Electro-stimulation is the application of electrical currents to acupuncture points. It is administered through probes placed on the acupuncture needles that run a current through the needles into the acupuncture point. E-stim is often used in conjunction with acupuncture to reduce pain or to enhance a treatment. This technique has been proven to decrease pain, accelerate tissue healing, and significantly reduce inflammation, edema, and swelling.
Electroacupuncture is an increasingly popular form of treatment, and is used by practitioners of traditional Chinese medicine for a wide array of conditions.
What conditions can electroacupuncture treat?
According to the foundations of traditional Chinese medicine, illness is caused when qi does not flow properly throughout the body. Acupuncturists determine whether qi is weak, stagnant or otherwise out of balance, which indicates the points to be stimulated. Electroacupuncture is considered to be especially useful for conditions in which there is an accumulation of qi, such as in chronic pain syndromes, or in cases where the qi is difficult to stimulate.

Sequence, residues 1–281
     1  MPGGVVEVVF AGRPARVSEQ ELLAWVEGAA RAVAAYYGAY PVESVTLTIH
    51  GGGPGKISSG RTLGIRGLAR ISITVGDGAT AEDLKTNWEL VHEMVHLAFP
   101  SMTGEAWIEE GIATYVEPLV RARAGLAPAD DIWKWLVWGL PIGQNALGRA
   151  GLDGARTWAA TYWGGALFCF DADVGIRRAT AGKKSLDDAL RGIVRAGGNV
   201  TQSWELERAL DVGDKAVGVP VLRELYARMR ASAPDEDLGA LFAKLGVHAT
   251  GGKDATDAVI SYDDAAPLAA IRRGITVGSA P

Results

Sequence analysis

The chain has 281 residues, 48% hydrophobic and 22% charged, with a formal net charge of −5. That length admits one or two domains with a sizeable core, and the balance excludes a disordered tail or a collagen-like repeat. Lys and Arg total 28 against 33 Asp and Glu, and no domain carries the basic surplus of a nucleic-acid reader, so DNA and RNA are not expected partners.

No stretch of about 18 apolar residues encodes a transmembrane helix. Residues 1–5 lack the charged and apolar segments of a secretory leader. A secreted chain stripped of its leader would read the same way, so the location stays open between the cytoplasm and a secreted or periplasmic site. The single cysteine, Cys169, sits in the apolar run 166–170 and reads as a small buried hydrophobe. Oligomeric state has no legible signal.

In the United States, electroacupuncture has been effectively used as a form of anesthesia; as a pain reliever for muscle spasms; and a treatment for neurological disorders. Other studies have examined the role of electroacupuncture in treating skin conditions such as acne, renal colic, and acute nausea caused by cancer medications. There is also some evidence that electrical stimulation of acupuncture points activates the endorphin system, which could lower blood pressure and reduce heart disease.
Does electroacupuncture hurt?
Patients may experience a tingling sensation while being treated with electroacupuncture, most likely due to the electric current. In most cases, however; the tingling sensation will not be felt. Some minor bruising or bleeding may occur, which is the result of a needle hitting small blood vessels.
Are there any risks involved?
Electroacupuncture is contraindicated in patients with history of seizures, epilepsy, heart disease or strokes, and patients with pacemakers. It is never performed on a patient’s head or throat, or directly over the heart. The current should not travel across the midline of the body, an imaginary line running from the bridge of the nose to the belly button.